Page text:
I need to include some basic definitions, and simple proofs from a standard text book to my thesis. Those definitions and proofs are very basic, e.g. probability, entropy etc. Everybody knows they should be in some text books.

Consider, for example, this proof from wiki. My questions are:

  • Is this plagiarism if I bring this whole proof word by word into my thesis?
  • If this is plagiarism, what is the method to "paraphrase" a proof? Since the derivation is straightforward, and it is very difficult to write it in a different way?

Thank you.

  • 2
    If your thesis is about information theory or statistics, the proof you show can be omitted. I would recommend simply citing some "bible of your field" which contains all these basic stuff. That's the way most people do it. Or they don't cite anything at all.
    – yo'
    Commented Feb 9, 2015 at 0:13
  • @yo' my thesis is in Software Security, and many great researchers I met forgot those definitions long long time ago.
    – sean
    Commented Feb 9, 2015 at 0:23
  • 1
    Cannot just cite formally or informally the source?
    – Greg
    Commented Feb 9, 2015 at 7:28

2 Answers 2


It is very common for theses in the mathematical sciences to spend a significant amount of time and space repeating known or even standard definitions and results. (In fact, up through the master's level, at least in many places one can write a perfectly acceptable thesis that only does this.) In fact this is generally viewed as a positive feature of the thesis: the candidate has taken the time and effort to synthesize a presentation which is complete and self-contained up to a certain point. It is also generally very helpful to do so in terms of readability: a math paper that repeated nothing that was already known would be well-nigh impenetrable except (perhaps) by a select coterie of insiders.

Also the virtue of rewording is not as strong in this area. If you are going to give the definition of, say, entropy, in a thesis, then I would say the best thing to do is to close all your textbooks and write down what you think is a good wording of the definition. Once you've done that you check back with the sources to see that you've actually gotten the definition right, i.e., that it is mathematically equivalent to the one from the textbooks. But if your language is similar or identical to what you found in the textbooks: okay, fine. You don't need to change it for that purpose. There are a lot of ways to list the axioms for a group, and if you wanted to you could pull out fifty textbooks and make sure that your wording is different from all fifty of them. But this would be a big waste of time: it is not necessary to do so, and what do you bet that these fifty wordings capture most of those that are best in terms of efficiency, readability, and so forth?

When it comes to copying entire proofs word for word, I would pay close attention to how often you are doing this. If you are simply copying multiple pages of proofs verbatim out of a single standard source, then you should start wondering about the value added in doing so (and, after a certain point, issues of copyright do emerge). There is a key word that I used in the first paragraph: synthesis. When you revisit old results, ideally you are synthesizing them: i.e., no one source has everything that you want, so you are combining multiple sources in a novel way. Too much copying and too little synthesizing does not necessarily put you at risk for plagiarism and copyright violation -- it would have to be quite extreme for that to be an issue -- but it does not sound like the path to a strong thesis.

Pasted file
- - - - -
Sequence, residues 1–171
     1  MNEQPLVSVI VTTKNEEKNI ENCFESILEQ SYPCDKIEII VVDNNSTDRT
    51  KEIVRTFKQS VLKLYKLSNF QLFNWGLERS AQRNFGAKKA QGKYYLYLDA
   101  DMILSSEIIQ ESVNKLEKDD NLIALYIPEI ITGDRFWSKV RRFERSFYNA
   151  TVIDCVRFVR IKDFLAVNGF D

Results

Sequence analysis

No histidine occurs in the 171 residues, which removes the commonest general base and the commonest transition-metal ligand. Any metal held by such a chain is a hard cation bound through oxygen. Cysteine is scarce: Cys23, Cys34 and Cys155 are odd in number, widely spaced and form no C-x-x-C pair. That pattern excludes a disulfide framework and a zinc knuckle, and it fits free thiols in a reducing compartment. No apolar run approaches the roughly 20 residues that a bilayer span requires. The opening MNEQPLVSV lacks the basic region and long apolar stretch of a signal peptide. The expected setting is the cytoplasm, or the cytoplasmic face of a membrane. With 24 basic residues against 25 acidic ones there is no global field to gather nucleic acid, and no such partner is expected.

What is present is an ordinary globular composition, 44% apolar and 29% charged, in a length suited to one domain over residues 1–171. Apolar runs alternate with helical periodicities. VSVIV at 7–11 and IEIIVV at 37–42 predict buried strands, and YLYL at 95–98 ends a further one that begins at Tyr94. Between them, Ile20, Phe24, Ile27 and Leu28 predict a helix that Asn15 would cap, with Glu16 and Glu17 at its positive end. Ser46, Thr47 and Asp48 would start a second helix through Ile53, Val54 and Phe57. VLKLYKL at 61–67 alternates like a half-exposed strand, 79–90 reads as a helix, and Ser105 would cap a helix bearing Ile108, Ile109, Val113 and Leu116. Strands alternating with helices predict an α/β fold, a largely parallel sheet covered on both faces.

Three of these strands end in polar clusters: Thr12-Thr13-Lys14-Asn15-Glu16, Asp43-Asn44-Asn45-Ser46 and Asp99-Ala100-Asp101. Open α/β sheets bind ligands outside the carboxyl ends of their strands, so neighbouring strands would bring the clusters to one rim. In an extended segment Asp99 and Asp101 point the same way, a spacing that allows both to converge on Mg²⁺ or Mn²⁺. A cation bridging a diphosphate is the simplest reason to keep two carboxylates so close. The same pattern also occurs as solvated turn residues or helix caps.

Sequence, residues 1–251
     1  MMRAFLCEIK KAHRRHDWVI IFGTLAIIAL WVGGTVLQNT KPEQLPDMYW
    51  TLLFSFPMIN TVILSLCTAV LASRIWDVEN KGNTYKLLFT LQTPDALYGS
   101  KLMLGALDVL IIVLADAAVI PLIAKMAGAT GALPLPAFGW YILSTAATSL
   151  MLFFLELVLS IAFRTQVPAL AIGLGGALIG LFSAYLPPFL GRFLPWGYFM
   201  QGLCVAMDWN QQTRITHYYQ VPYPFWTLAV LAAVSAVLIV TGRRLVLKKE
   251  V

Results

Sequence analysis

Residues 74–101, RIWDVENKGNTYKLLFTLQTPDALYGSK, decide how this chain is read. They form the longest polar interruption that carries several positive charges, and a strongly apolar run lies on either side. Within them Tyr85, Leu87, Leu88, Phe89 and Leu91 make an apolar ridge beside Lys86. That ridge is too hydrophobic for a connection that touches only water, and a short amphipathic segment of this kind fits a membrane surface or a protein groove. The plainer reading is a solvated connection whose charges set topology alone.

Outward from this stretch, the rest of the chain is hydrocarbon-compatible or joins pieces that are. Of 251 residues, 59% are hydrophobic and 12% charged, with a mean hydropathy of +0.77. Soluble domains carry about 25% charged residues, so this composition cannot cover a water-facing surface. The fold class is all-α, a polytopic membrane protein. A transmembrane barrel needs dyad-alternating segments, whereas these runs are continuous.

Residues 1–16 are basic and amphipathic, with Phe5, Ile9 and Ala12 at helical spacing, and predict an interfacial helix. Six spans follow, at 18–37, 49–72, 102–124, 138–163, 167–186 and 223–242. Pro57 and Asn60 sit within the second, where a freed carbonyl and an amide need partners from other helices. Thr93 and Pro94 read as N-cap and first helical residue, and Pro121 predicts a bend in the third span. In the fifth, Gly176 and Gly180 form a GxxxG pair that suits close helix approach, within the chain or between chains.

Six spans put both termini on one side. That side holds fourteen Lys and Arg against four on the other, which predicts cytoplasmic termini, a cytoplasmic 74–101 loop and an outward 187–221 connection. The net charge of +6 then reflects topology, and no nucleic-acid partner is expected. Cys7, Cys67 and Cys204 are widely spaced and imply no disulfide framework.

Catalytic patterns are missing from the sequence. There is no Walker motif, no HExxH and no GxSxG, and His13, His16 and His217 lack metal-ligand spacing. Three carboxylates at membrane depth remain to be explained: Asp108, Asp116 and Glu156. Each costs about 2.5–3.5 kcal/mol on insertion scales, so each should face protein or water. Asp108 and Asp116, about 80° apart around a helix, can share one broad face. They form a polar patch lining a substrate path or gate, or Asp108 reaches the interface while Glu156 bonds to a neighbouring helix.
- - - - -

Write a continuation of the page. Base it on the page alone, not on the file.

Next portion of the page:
I hope that everyone who is writing an academic thesis has a thesis advisor. You should talk to her about this issue. To a certain degree, the right answer is what she thinks is best.

  • 5
    And don't forget to cite and say you are copying verbatim! Otherwise it is most certainly plagiarism!
    – jakebeal
    Commented Feb 9, 2015 at 1:21
  • 1
    @jakebeal: Indeed. Commented Feb 9, 2015 at 1:30

In questions of potential plagiarism, you can think about whether a reader will get the impression some work is yours. If they will, and it's not, you've got a problem.

To apply this: I found I could "follow" the approach in a major text, abbreviating some sections of a derivation and expanding on others (mainly due to where in the text concepts were introduced). Partly as I was using a numeric citation style, a simple citation wasn't enough. If you put the derivation/proof in its own subsection and say "following the approach given by Smith in reference 42 it is clear that..." or something like that. A verbatim copy will often be unhelpful to the reader anyway - imagine reading "using the result given on page 393" in a 3-page paper (absurd, but you need to integrate the cross-referenced material, not just paste it in).

(This was going to be a comment as I can't add much to Pete L. Clark's answer, but I did want to make a couple of points that wouldn't fit.)

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